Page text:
Forum for Science, Industry and Business

Sponsored by:     3M 
Search our Site:

 

The very hungry sea anemone

06.07.2015

The surprising culinary preferences of an abyssal sea anemone have been unveiled by a team of scientists from the National Oceanography Centre (NOC).

New time-lapse photography of the abyssal sea floor shows that this type of anemone can eat animals up to six times its weight and moves around the ocean floor by burrowing.


The Isosactis Anemone is shown feeding.

Credit: The National Oceanography Centre

The lead author of this study, Jennifer Durden, a PhD student at the NOC, explained that these heavy meals can take the anemone up to 80 hours to digest. The abyss is the term given to any area of the sea floor below 3000 metres from the sea-surface.

Jennifer said "Finding out new things about this anemone is really exciting! It was found more than 15 years ago, but we didn't know what it ate or how it moved around. We also didn't know that it was the most common animal at the site- it makes up half of the creatures there.

These observations are really important for understanding life on Earth, since the ocean's abyssal seafloor makes up more than 50% of the planet's surface. They would not have been possible without the technology and commitment to long-term ocean observing by NOC."

A combination of photos taken from the UK's deepest diving robot-sub, Autosub6000, and time-lapse photography enabled Jennifer to count the animals and to observe their behaviours, in a way that has not previously been possible.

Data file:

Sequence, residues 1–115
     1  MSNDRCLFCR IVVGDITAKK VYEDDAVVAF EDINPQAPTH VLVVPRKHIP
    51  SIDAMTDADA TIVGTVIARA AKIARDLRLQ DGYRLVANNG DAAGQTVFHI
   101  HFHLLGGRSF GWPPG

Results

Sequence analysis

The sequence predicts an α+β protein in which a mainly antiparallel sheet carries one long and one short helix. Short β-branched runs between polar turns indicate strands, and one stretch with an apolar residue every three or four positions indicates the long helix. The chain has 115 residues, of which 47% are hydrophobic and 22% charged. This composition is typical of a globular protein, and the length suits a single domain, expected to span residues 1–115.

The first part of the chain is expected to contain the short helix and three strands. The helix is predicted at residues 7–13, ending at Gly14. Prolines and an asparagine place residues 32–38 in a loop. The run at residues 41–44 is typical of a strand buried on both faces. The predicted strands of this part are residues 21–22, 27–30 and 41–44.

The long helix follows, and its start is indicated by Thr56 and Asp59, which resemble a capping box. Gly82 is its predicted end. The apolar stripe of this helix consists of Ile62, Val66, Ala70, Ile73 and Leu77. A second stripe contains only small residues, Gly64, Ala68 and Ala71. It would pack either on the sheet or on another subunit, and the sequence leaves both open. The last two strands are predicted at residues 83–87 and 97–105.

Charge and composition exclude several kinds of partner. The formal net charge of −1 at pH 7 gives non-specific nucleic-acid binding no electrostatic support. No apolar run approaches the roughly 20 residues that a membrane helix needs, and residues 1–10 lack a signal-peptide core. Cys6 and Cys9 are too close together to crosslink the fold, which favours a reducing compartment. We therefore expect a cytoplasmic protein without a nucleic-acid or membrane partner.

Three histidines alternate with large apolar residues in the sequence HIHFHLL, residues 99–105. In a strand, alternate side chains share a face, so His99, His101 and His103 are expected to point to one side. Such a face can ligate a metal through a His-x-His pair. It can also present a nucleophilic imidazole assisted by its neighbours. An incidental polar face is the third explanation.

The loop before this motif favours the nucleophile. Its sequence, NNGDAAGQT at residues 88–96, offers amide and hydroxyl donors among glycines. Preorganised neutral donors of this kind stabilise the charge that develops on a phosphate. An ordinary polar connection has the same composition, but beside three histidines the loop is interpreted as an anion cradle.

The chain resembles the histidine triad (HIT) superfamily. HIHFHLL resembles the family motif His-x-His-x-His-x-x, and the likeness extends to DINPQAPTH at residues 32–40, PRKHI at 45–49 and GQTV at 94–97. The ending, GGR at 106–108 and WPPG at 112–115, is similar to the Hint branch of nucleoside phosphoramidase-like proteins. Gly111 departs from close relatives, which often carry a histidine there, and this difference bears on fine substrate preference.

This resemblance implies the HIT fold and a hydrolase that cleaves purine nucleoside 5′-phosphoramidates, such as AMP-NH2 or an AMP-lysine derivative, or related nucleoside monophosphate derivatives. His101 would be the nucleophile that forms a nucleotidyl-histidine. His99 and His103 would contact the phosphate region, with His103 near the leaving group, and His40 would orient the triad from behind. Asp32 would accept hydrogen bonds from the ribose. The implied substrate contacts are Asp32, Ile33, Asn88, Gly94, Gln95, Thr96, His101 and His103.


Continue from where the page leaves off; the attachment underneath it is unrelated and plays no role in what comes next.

Dr Henry Ruhl, the principal investigator on the project said "This research shows how the technology developed at the NOC enables us to continue to learn basic things about one of the most well studied deep water research sites."

The discovery was made in the three mile deep Porcupine Abyssal Plain (PAP), about 300 miles west of Land's End. NOC's observatory at the site has been the focus of extensive research for over 25 years. This makes it the one of the longest running deep-sea ecology observing programmes globally.

###

These photographs were taken as part of the Autonomous Ecological Surveying of the Abyss project, funded by the Natural Environmental Research Council (NERC). This project aims to understand the spatial distribution of abyssal animals, and therefore their importance in deep sea ecosystems. The project is creating a map of the sea floor made up of 'stitched' together photographs, not unlike a Google Earth map. A team of scientists at NOC are still analysing these pictures, so there are more discoveries yet to come.

The ongoing research at the PAP site is funded by NERC National Capability funding.

Media Contact

Holly Peacock
holly.peacock@noc.ac.uk
0238-059-6388

 @NOCnews

http://www.noc.soton.ac.uk 

Holly Peacock | EurekAlert!

More articles from Life Sciences:

nachricht Topologische Quantenchemie
21.07.2017 | Max-Planck-Institut für Chemische Physik fester Stoffe

nachricht Topological Quantum Chemistry